Tuesday, January 10, 2017

Meditation on the Cat/Cow/Child's Pose Yoga Flow, from a Christian/Messianic/Follower of the Way perspective

I recently learned the flow from child's pose to cow to cat Yoga stretch positions, and because we are called to take every thought captive for Christ I meditated on these three positions this morning--you can find them online if you're curious about them--and came up with this worship.

Is there a meaning behind the poses, for myself? 

The "Child's Pose" seems so Biblical, since it's a prostrate form almost of worship, and Yeshua (Jesus) said that people like little children inherit the kingdom of heaven. You could meditate for hours on becoming the child Yeshua wants, and whether it's trust, innocence, or freedom he's asking for, or you could just do the pose and ask God to make you like the child he wants.

For the cat, I found there is no cat except a lion in the Hebrew scriptures, since Judea was outside of its geographic range at the time, so to me I thought of the Cat as the roof of the Temple, or a young lion. "The lions roar and seek their food from God..." (Tehillim/Psalm 104) Even here, at the apex of power, there's a full reliance on Hashem. This domed pose could represent glory (Temple roof) and vitality and self-defense, since it is a position of cat protection, and cats are known for their survival and preservation.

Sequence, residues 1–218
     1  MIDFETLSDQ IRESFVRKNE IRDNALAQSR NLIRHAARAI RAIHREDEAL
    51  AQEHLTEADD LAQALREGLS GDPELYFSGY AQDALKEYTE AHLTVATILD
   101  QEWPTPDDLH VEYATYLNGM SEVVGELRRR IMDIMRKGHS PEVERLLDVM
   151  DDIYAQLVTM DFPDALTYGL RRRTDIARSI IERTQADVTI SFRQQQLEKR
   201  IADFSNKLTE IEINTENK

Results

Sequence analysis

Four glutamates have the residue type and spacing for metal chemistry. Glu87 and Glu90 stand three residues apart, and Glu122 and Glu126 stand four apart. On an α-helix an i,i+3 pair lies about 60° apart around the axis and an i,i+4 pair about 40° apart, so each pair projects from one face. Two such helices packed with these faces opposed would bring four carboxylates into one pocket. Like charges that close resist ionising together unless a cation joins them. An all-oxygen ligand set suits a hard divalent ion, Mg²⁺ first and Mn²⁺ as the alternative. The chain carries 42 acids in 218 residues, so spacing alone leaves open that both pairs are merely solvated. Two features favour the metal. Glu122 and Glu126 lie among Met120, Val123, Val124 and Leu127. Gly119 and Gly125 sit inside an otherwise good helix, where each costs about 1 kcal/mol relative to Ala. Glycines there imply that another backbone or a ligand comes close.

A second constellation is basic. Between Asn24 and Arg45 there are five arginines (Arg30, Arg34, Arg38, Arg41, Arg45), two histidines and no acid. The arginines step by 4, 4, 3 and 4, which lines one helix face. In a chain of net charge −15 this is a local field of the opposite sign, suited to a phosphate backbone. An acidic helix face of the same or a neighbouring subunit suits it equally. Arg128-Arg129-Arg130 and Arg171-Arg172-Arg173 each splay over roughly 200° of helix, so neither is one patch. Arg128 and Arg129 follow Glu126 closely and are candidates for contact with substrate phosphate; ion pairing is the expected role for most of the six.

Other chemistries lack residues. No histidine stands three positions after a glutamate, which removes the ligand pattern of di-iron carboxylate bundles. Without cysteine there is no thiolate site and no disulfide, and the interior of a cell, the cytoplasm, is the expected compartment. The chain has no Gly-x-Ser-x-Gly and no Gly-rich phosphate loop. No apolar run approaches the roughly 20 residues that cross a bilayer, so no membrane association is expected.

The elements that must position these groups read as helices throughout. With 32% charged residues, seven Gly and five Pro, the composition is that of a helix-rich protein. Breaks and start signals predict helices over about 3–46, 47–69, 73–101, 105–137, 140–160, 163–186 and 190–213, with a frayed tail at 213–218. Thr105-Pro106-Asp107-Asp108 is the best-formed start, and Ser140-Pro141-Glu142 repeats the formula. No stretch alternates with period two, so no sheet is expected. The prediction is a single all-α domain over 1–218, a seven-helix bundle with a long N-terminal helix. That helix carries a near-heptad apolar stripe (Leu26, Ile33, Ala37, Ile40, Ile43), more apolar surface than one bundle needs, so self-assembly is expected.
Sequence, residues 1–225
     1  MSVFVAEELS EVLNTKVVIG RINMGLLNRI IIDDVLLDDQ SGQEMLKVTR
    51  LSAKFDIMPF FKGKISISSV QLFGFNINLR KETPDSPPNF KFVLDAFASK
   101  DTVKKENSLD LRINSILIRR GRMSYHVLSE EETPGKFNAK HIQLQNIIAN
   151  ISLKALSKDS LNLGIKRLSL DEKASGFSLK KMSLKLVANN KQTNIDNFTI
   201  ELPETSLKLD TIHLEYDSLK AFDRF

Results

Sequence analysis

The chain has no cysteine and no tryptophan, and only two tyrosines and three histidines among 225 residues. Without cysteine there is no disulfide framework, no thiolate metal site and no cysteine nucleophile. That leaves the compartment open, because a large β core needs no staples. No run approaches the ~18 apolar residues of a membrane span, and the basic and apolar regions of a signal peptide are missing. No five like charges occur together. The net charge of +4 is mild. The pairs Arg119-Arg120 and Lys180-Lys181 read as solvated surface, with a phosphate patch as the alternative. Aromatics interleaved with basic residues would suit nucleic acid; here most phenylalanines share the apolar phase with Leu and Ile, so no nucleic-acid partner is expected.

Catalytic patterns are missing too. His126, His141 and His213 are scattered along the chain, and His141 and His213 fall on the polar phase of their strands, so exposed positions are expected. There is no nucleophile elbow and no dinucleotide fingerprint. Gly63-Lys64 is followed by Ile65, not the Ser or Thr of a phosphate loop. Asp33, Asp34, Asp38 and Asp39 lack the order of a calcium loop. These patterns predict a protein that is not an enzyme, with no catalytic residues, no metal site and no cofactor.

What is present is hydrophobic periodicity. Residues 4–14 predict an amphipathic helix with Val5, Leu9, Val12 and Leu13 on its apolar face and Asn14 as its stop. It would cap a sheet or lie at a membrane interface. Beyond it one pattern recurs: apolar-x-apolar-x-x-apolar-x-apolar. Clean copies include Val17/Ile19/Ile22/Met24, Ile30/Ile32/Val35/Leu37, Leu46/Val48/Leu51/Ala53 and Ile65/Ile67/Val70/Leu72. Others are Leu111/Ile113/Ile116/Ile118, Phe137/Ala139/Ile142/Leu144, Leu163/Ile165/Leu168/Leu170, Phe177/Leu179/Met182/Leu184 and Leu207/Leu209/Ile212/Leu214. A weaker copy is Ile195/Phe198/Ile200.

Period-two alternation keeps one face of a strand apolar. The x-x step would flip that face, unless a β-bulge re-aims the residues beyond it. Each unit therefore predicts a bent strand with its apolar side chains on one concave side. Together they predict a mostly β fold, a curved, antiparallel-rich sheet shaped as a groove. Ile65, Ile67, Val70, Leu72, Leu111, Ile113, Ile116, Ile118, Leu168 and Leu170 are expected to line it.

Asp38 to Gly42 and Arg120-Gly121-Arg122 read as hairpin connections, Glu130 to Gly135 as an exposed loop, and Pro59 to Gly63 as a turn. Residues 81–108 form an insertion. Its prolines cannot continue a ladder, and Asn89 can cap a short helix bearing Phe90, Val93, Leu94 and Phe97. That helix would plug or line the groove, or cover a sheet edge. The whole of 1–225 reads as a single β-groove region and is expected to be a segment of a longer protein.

The cow is such an easy one, such a useful animal, sustaining people, and it's one of the ceremonially clean animals Noah took on his ark in sevens instead of twos. 

With the correct order of the flowing child's pose/cat/cow, to me, my meditations come out to this order to life: 

worship (child's pose), 
service (cow), 
power (lion or cat or temple)

That seems to me to be a lovely order in which to live the heart. Since we know everything in life is somehow a little bit cyclical, it makes sense that these continue to cycle in to each other: when we are powerful, we thank God and worship, which inspires us to do service for others, which gives us power...this is really the root of the philosophy of Karma, isn't it? 

Of course with mercy, and grace, this formula becomes more complicated, just as Einstein's theories included Newton's but expanded them, just as the Brit Chadasha (NT) expands our understanding of the Torah (OT), but I think this is a beautiful place to start. You cannot have mercy without an understanding of justice, of the right and wrong flow...of what some call Karma.

Take every thought captive, God.

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